JERUSALEM | Israel faces a “diplomatic tsunami” that could erode its international support and bolster its enemies in the Middle East, the Jewish state’s defense minister said this week.
Ehud Barak also criticized his coalition government partner, Benjamin Netanyahu, saying indecisiveness by the prime minister “was pushing Israel into a corner from which the old South Africa’s deterioration began.”
More than 110 countries have announced their recognition of a Palestinian state. The Palestinian Authority hopes that number will be 150 by September, when it plans to request formal recognition from the United Nations.
International recognition of a Palestinian state will have little practical impact as long as the Palestinians and Israelis have not negotiated a peace agreement.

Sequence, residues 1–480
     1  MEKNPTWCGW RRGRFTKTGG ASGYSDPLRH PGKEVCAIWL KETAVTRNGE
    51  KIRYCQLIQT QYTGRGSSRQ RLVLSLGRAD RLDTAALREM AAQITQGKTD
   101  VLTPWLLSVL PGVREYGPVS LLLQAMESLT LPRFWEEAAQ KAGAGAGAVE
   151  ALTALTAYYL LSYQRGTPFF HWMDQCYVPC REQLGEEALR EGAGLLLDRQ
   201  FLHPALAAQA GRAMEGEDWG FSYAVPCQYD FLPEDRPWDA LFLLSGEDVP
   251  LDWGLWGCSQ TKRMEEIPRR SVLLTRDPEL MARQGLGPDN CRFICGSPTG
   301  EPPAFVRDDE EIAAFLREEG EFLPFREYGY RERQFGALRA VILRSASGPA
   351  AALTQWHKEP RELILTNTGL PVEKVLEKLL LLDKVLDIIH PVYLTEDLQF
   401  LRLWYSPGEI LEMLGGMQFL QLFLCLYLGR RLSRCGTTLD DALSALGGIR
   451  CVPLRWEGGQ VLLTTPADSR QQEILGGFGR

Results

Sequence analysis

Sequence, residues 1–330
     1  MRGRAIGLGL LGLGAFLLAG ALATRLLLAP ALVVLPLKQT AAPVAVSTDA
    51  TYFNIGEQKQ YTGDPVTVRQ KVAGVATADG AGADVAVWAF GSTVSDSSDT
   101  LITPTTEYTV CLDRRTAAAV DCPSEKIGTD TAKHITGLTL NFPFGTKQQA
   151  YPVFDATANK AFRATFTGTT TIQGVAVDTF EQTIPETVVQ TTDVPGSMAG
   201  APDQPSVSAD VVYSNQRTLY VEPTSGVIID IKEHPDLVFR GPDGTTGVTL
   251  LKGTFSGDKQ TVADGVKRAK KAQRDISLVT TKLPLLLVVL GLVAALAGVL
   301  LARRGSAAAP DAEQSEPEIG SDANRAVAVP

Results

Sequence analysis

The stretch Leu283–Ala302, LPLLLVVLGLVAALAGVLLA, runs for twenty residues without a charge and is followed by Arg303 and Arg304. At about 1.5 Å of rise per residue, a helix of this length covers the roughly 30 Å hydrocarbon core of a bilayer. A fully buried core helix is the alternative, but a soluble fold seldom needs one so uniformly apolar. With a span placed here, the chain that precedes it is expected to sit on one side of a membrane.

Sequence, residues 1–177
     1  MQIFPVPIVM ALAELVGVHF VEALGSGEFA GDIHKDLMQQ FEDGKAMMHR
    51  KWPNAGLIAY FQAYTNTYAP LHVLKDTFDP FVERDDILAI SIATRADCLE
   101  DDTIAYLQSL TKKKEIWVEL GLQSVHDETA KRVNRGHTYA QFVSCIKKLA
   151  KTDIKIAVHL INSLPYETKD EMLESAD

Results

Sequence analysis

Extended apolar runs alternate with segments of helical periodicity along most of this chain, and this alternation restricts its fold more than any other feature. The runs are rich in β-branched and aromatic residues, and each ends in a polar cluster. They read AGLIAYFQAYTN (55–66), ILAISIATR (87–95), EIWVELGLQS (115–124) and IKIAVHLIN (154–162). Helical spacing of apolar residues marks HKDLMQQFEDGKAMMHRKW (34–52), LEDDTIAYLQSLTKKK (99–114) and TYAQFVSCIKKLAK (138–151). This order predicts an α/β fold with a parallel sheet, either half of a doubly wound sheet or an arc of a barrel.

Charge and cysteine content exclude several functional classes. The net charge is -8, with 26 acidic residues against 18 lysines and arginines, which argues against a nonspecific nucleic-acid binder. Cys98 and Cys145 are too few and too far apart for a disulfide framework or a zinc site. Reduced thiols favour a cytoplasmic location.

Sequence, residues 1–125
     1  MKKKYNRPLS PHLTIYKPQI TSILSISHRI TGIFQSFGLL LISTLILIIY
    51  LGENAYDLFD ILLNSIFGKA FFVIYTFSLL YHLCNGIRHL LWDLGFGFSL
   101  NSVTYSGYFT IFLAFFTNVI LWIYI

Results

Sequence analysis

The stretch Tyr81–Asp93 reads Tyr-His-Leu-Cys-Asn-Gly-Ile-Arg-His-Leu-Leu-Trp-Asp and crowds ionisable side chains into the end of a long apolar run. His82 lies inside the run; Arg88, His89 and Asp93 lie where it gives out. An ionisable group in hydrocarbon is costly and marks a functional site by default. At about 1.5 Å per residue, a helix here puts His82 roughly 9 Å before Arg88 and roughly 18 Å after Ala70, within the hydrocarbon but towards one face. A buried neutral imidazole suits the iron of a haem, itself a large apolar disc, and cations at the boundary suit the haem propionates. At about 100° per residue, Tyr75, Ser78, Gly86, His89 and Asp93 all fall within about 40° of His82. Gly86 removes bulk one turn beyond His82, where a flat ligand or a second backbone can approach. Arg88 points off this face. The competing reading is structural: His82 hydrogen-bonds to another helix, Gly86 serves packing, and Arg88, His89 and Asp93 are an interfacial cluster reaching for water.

International sanctions against South Africa in the late 20th century prodded it to rescind its apartheid policies, which had maintained whites’ domination of the black-majority population.
Mr. Netanyahu, head of the right-wing Likud party, has blamed the lack of progress in peace negotiations on the Palestinians, who have refused to talk unless Israel freezes construction in East Jerusalem and the West Bank, where Palestinians intend to establish their state.
© Copyright 2013 The Washington Times, LLC. Click here for reprint permission.
By John Solomon
How the government's punishing of the exposure of official wrongdoing can linger for years
Independent voices from the TWT Communities
Wall Street news before (and occasionally after) the opening bell.
Politics, economics, and business from a real world perspective.
Movie reviews, interviews, including the latest on DVR and Blu-Ray.
A mother of three and a passionate conservative, Shirley Husar changes the game.
Benghazi: The anatomy of a scandal
Vietnam Memorial adds four names
Cinco de Mayo on the Mall
NRA kicks off annual convention